View from the fray

Tax day education

A keen observation by Assemblywoman Genie Ohrenschall (D-Las Vegas): “I find it interesting that we’re here on April 15, which is tax day. If we don’t pass some taxes, we are not going to be able to accomplish this goal and the goals of this legislature from years and years ago.”

The topic on the table Tuesday at an Assembly Ways and Means hearing was AB 266, a bill that outlines the many facets of a proposal called “iNVest: Investing in Nevada’s Education, Students and Teachers.” The funding and accountability plan was put together by Nevada’s 17 school district superintendents to introduce the concept of “adequate” funding for schools to the Nevada Legislature.

“This is somewhat of a historical event,” said Clark County Superintendent Carlos Garcia. It’s the first time that all the county administrators and school board trustees met, discussed and actually agreed on a plan that Garcia called “a vision of where our state should be headed.”

The bill calls for millions to make up for cuts in the past three legislative sessions. It requires “basic” support to the schools by building annual inflationary costs for such items as utility and insurance costs into the district budgets. It increases funding for textbooks and supplies by about $50 per kid. It seeks to increase instructors’ pay scales so as to attract and retain an “adequate” work force.

Assemblywoman Chris Guinchigliani (D-Las Vegas) was curious.

“What is the actual fiscal note on this bill?” she asked.

“Do you really want to know?” replied Morse Arberry (D-Las Vegas), the committee chairman.

Speaking on behalf of the group of school superintendents sponsoring the bill, Anne Loring said she would find that information.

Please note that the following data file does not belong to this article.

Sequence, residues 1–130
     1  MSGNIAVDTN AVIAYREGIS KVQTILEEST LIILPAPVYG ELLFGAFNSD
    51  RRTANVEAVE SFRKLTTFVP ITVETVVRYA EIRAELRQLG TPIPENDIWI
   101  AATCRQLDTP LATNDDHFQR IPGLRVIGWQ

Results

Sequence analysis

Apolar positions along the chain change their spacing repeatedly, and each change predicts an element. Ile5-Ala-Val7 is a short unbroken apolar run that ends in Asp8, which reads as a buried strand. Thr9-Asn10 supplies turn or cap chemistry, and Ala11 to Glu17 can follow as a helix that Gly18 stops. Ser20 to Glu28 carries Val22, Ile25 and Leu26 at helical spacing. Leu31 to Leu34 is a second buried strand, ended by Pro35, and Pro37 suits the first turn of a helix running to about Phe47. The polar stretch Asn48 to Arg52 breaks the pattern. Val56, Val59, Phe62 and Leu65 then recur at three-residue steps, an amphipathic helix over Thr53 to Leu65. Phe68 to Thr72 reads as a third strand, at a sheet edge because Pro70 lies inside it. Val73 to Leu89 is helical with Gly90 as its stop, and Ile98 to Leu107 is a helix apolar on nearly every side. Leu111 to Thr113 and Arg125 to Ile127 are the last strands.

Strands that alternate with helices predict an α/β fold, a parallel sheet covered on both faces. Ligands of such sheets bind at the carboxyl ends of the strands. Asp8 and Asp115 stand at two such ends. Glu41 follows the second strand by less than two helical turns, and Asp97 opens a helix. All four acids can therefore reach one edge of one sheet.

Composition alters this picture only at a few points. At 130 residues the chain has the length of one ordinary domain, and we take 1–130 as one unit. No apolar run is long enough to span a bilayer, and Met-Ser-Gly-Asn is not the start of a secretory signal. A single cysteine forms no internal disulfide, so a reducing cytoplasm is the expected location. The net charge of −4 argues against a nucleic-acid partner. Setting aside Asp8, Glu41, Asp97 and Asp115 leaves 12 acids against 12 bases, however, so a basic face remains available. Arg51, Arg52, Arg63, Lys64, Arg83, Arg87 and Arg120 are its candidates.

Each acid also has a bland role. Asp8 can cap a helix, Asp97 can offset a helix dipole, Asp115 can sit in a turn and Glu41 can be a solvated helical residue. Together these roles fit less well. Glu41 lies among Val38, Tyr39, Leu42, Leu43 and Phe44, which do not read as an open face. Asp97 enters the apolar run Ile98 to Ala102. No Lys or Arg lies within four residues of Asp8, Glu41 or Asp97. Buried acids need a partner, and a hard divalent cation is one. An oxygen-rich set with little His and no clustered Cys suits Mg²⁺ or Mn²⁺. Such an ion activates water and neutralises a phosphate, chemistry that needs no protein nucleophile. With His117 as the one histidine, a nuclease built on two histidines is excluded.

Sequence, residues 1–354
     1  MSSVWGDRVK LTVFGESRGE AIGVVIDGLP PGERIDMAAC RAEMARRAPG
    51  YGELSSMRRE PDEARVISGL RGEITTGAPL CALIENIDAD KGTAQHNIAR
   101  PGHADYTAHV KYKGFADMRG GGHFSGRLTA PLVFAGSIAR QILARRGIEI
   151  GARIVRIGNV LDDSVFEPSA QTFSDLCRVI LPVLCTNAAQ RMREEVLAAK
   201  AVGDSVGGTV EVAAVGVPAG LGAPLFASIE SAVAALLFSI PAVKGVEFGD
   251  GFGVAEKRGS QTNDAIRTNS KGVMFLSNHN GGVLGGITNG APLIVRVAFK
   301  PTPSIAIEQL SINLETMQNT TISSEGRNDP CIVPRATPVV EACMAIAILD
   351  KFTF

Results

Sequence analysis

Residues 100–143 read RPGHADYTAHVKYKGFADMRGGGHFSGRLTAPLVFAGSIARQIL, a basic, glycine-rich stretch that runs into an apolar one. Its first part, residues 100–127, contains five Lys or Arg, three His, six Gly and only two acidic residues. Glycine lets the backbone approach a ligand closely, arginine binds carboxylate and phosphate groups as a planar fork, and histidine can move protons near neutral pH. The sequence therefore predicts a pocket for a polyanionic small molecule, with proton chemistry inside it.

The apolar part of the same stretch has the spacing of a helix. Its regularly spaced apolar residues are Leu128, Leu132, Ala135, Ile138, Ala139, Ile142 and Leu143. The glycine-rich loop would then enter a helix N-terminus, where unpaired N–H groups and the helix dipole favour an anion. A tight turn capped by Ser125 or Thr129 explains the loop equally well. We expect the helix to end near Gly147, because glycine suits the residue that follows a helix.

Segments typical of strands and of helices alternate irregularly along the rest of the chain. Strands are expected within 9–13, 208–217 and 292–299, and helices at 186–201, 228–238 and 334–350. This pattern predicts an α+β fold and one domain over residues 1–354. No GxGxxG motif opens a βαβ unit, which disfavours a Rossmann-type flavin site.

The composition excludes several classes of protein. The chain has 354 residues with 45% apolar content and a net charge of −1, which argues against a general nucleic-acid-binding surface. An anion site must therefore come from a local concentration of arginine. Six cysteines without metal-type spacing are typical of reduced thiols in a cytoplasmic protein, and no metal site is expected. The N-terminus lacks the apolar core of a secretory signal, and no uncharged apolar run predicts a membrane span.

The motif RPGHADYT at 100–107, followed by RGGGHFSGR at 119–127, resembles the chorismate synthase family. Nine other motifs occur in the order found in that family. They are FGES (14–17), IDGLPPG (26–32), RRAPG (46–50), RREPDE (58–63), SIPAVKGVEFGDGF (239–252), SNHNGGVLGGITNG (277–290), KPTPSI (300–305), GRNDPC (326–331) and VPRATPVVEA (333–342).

In its original form, iNVest called for just under a billion dollars, if every facet were to be implemented. Bill proponents said they weren’t expecting all the dough at once. The governor’s budget, which funds about a third of the plan, is a good start.

“We understand this plan can not be funded in a single stroke,” Loring said. “You asked us to lay out the plan and here it is. Let’s get started.”

Of course, without increased funding, Nevada schools are in trouble. In Washoe County, a worst-case scenario could force schools to cut $20 million in spending. One idea tossed around, changing school bus policy so that elementary students have to walk four miles a day or parents would have to drive them to school, would save $600,000. Then the district would only need to make another $19.4 million in cuts. Imagine.

Dozens of parents, students and educators filled the committee chambers. Many had traveled from as far as Las Vegas to testify in favor of AB 266.

“Today I ask you to do something that goes against the grain of all people—take my money,” said Sheila Moulten of the Clark County Board of Trustees, who said she represents 255,000 students in Clark County. “Take my dollars and give those dollars to generations to come.”

Superintendent Garcia said the funding predicament reminded him of a joke: “How do you eat an elephant? One bite at a time.”

“This session will mark that first bite, that first step,” Garcia said. “Our state definitely doesn’t want any child left behind.”